I Never Knew Harper Lee

Harper LeeI think the greatest sin of Harper Lee’s Go Set a Watchman is the feeling of doubt that it gave me.

Before Go Set a Watchman, I naively thought I knew Harper Lee. Many of us believed that. There was such a beautiful personal quality to To Kill a Mockingbird. Scout and Atticus were not fictional, they were real, and we assumed that real people hid behind their smiles and hugs. Harper was Scout and, of course, her father was the noble and great Atticus.

They were friends and I visited with them often, in both film and book. Before Go Set a Watchman, I would watch the movie once a year, crying in the same two places each time (when Scout is told to stand for her father as he is passing and when she sees Boo in the corner). And I have read the book more times than I care to mention. A part of me still dreams of the first time that I will read it to my kids.

There was a moment in the 2000s, that I shared the same literary agent as Harper Lee. And I would beg (beg!) the agent for news on Harper. I imagined, if I played my cards right, there could be a friendship there. It would begin with a call, that slight southern warmth in her voice. “I was told you wanted to speak with me?”

Awkward at first and then the talk would grow. I would laugh at her sarcastic wit. And I would do a little dance the first time I was able to get her to laugh.

Of course, that call never happened, and my agent at the time just allowed my daydreams to take place.

But, like I said, that all changed with Go Set a Watchman. Continue reading

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Banned Books Week (Sept 27 – Oct 3)

BBW-logoWe are in the midst of Banned Book Week, that time each year when readers and authors alike scan articles and essays about attempts to ban books from libraries and schools over the last year and wonder “What the heck is going on here?”

I’ve had the pleasure for the last three years of doing the book reviews for my local NPR station (WKAR) as part of their show Current State, and each year I try to take on another book that has faced the always surreal argument for censorship.

  • This year I reviewed The Catcher in the Rye by J.D. Salinger. You can listen to my discussion or read my review via this page.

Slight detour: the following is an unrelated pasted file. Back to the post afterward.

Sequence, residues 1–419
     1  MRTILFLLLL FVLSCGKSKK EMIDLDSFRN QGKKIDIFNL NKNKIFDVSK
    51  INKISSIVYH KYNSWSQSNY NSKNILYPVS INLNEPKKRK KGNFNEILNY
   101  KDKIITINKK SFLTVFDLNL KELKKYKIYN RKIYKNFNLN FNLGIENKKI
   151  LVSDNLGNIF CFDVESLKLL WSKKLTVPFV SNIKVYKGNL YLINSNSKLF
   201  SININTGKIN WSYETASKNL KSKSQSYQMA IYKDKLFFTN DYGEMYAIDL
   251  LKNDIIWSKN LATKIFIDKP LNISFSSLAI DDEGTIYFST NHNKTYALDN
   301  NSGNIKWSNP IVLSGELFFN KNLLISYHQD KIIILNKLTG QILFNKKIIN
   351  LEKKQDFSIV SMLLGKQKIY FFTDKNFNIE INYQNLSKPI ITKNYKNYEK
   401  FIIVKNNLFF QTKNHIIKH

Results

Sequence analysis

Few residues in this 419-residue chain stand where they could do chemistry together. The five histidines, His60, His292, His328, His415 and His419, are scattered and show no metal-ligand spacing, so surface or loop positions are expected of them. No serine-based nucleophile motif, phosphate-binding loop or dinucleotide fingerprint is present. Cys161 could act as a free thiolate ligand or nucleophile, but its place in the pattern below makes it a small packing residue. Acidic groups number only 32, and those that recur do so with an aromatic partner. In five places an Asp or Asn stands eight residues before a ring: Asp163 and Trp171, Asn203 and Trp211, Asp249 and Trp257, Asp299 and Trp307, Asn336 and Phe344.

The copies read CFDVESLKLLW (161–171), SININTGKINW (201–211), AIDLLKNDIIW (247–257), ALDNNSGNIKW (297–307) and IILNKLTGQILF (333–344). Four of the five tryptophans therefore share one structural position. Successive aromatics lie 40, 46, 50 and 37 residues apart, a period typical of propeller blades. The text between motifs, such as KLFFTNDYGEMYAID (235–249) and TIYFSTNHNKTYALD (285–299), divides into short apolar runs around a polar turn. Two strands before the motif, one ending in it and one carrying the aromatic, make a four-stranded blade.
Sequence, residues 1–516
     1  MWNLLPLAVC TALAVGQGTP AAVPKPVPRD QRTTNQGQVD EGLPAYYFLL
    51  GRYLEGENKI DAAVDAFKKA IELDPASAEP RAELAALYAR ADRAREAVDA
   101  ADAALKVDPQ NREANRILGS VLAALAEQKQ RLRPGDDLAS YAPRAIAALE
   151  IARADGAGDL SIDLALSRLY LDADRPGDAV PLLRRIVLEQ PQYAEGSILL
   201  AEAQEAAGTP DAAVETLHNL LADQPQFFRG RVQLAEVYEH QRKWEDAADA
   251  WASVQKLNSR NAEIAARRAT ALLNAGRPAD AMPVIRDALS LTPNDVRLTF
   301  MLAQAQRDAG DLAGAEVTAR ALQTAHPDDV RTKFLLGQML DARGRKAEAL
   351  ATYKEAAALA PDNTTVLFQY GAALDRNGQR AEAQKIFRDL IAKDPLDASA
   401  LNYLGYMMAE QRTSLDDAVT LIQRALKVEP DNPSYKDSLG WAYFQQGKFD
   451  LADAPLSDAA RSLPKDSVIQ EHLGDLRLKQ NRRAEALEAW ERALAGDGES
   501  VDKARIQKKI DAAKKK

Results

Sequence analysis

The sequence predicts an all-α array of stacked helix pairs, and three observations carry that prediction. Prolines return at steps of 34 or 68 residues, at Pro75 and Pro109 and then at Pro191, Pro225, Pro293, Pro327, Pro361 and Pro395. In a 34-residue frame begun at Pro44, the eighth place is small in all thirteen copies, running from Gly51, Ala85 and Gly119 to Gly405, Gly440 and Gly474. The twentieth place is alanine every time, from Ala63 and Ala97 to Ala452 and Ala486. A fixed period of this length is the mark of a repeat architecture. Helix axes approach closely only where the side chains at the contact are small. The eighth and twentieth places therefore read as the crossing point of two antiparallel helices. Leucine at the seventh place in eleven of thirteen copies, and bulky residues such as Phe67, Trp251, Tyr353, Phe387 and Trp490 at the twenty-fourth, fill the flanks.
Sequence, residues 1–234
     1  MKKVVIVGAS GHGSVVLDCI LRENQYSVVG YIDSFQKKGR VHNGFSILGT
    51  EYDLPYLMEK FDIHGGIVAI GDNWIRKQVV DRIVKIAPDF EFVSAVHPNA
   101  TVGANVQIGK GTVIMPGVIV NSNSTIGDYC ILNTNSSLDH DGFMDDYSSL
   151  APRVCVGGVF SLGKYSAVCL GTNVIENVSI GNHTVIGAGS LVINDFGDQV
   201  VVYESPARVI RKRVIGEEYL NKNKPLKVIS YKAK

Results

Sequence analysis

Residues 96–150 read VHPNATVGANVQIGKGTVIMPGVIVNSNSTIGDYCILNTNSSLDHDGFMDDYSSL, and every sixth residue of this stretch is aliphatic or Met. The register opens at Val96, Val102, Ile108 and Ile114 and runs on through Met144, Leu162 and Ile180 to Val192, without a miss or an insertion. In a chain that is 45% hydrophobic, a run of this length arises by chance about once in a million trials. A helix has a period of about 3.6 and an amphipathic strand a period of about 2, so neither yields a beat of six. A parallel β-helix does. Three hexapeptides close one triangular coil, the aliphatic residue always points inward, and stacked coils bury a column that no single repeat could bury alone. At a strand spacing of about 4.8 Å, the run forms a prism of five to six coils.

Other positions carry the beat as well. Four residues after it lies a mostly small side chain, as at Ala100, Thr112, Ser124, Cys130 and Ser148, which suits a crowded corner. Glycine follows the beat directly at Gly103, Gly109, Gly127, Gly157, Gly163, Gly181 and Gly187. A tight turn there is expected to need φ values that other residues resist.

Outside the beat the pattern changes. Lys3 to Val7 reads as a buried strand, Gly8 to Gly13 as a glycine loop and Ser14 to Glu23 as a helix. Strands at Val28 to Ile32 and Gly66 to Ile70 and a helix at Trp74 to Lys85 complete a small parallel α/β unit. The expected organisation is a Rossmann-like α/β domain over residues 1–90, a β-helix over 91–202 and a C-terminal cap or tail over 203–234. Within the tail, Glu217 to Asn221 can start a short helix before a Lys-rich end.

• Last year, I reviewed Mark Twain’s classic The Adventures of Huckleberry Finn. You can check that our here.
  • During my first year as part of Current State, I discussed the importance of this holiday and why we need to reflect on it via this audio essay.

I’ve also snuck in over the years other authors that have faced censorship, including (with links) Ray Bradbury, Kurt Vonnegut, Judy Blume, Harper Lee, and J.K. Rowling. In the future, I will be reviewing Margaret Atwood and Salman Rushdie, so this is not slowing down for me anytime soon.

I hope you enjoy checking out some of these book reviews and try to read something a little controversial this week.

Five Things I Am Into Right Now, August 2015

OpusThis is an odd time we live in, especially for us old-school nerds. Star Wars is back (and maybe without too much CGI), a new Ghostbusters film is being made, dinosaurs and terminators are in the movie theaters (not always a good thing, from what I hear). Beloved comic Bloom County is back and looking EXACTLY as it did during its heyday of the 1980s (even mocking Donald Trump who is probably going to win the Republican nomination). Then there is Harper Lee…

Harper Lee…

I reviewed Go Set a Watchman on WKAR (which you can read and hear here), and everyday I get more and more annoyed that it was ever published. I’ve even taken to reading reviews of people that give it good reviews to try and find some way to justify it beside the money. They all take the same tact to their argument- Well, if you consider the time she was writing and this is only an early draft and, my favorite, if you look at it as a piece of history. No, it’s not a piece of history! It was released by the publisher as a sequel (!) to To Kill a Mockingbird. And they did not push it as a “growth” piece, a chance to see the evolution of Lee as a writer. Everything they did was to present it as a follow-up, the continuing story of Scout and Atticus. Heck, even Reese Witherspoon did the audiobook! You don’t call a major actress in to do an audiobook of some kind of little historical literary oddity.

I don’t want to join the speculation on whether Harper Lee wanted this book published or not. But there are two points that always seem to come up for me. 1., If she wanted this published, why didn’t she try to find it in the 60s, the 70s, or the 80s. Why now? 2. As an author, I have many things I have worked on that I wouldn’t want published. Yes, they have a beginning, middle, and  end, but that doesn’t mean they are publishable.